Quebec curfew dépanneur

@production_dependances | Instagram

Quebec and the curfew: Beyond the limits of control

“Since there is no data to suggest that the first curfew was in any way successful, and plenty to the contrary, it logically follows that any science-loving person must oppose these measures.”

When I was a kid, I went on the submarine ride at West Edmonton Mall — a faux submersible that drove on tracks beneath the fake lake constructed for Alberta’s monument to consumerism. I remember vividly the cozy sensation of the enclosed space when the hatch door closed, the closeness of our quarters, the feeling of anticipation as the ride was about to embark. But as it did and water surrounded our vessel, my excitement immediately turned to sheer uncontrollable panic; the knowledge that we could not open the hatch now, that we were confined in this tight, tiny space gave me my first panic attack.

Fear of confinement isn’t a medical condition, and if it were, it would be relatively trivial in comparison with the gamut of things that ail us. But it is real, and so are panic attacks, and I am just one of the — at this point many, many — Quebecers who are at an utter loss to comprehend the latest curfew, and are also now struggling to imagine how to safely get through it. 

Throughout this pandemic, people have been told to listen to the science, to trust the data. Since is no data to suggest that the first curfew was in any way successful, and plenty to the contrary, it logically follows that any science-loving person must oppose these measures. Add to this the curfew criminalizes the most vulnerable amongst us, and endangers many more who are living in less-than-ideal circumstances. Those with addictions, for instance, and those enduring abusive home lives are particularly at risk.

In 2020, during the height of the first lockdown, I wrote a book called The Limits of Control. In it, I spent a significant amount of time analyzing an essay by William S. Burroughs in which he outlined the U.S. military mode of control of its soldiers. The drill sergeant yells “TENSHUN!” and the soldier knows to salute. The drill sergeant yells, “AT EASE!” and the soldier relaxes. But what if the drill sergeant yells TENSHUN and AT EASE at once? The soldier is confused, disoriented, and eventually becomes angry and ultimately ineffective as a soldier. I’d like to think that a broad spectrum of us have been good soldiers throughout the past 20-odd months, tensing and easing on command — sheltering in place, masking, distancing, getting double-vaxxed, waiting in line for daily necessities, altering every single aspect of our daily lives.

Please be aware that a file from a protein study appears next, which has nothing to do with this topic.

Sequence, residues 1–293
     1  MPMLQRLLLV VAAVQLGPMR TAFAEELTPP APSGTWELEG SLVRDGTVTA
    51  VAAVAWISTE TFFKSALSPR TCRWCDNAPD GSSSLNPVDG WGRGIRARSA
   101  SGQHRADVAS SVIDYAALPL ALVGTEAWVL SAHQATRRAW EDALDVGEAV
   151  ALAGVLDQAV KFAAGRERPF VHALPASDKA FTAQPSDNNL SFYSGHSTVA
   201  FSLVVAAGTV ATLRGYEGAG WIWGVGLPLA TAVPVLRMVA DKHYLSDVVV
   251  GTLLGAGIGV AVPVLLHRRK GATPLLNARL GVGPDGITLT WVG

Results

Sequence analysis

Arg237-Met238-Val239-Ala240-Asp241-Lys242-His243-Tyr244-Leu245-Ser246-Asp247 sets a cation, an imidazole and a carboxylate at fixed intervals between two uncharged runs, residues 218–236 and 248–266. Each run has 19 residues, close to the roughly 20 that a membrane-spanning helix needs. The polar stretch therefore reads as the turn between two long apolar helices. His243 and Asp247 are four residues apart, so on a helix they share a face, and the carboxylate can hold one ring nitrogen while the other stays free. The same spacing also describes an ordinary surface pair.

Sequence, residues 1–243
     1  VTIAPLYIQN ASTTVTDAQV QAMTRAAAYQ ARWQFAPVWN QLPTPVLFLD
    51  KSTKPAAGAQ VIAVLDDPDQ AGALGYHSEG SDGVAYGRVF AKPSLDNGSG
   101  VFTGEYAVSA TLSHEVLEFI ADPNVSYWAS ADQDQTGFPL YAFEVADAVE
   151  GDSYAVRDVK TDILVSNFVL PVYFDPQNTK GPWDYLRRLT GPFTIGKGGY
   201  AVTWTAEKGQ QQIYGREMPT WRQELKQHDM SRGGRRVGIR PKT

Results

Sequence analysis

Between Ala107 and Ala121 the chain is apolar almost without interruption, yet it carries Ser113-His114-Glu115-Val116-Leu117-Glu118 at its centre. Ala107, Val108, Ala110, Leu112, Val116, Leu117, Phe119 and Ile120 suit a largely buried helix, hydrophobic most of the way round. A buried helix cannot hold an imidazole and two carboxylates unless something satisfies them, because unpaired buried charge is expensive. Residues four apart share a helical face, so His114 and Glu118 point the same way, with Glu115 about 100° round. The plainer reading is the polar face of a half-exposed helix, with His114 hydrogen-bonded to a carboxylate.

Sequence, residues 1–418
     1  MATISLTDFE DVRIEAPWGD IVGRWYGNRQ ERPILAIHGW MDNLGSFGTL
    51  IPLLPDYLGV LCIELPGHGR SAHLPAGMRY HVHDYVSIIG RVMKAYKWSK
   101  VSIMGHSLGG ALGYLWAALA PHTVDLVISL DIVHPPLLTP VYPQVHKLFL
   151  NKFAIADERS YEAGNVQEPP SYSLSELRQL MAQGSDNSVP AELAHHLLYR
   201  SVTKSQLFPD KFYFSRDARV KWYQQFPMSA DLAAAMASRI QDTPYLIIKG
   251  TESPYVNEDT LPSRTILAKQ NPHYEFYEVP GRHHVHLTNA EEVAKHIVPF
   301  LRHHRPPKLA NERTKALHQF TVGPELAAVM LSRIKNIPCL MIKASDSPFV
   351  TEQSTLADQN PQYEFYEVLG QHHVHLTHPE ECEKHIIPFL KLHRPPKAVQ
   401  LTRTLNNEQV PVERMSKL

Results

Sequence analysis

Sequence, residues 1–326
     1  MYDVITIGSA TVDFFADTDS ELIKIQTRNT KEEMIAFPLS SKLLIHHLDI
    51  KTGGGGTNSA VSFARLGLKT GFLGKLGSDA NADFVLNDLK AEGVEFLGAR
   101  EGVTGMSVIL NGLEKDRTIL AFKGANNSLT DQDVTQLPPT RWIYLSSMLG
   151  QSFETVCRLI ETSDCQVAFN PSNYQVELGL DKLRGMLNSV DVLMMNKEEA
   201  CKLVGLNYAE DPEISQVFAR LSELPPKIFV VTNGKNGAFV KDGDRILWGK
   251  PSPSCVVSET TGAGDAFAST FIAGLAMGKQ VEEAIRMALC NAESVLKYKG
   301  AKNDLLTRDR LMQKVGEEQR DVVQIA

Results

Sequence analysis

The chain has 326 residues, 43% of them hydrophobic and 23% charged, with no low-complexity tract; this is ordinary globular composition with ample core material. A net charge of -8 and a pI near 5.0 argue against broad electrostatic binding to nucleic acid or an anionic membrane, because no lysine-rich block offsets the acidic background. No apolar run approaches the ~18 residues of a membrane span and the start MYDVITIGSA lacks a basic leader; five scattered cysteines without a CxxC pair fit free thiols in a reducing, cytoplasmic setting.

Still, since March, 2020, we have been given a series of TENSHUN / AT EASE commands: Remember when we were told to wash every surface because COVID can live on plastic and cardboard for 24 hours, only to later find out that it’s transmitted through tiny droplets? Remember when plexiglass barriers were erected everywhere in an instant, only to find out via The New York Times that they’ve probably made things worse? Sending COVID-positive healthcare staff into the very hospitals that are being overwhelmed with COVID-positive patients — as well as the growing backlog of other sick people — is only the latest in contradictory head scratchers, which increasingly reveal that our decision-makers are just as confused as the rest of us.

Furthermore, when people follow the TENSHUN order, and there is no AT EASE, it makes for a permanently tense situation. As an intelligent, science-abiding citizen, I oppose another curfew. I do not condone chaos. But I do remember the uncontrollable feeling of sheer panic as that submarine hatch closed, and won’t be surprised if others find themselves losing control, too. ■

For the latest in life, please visit the Life section.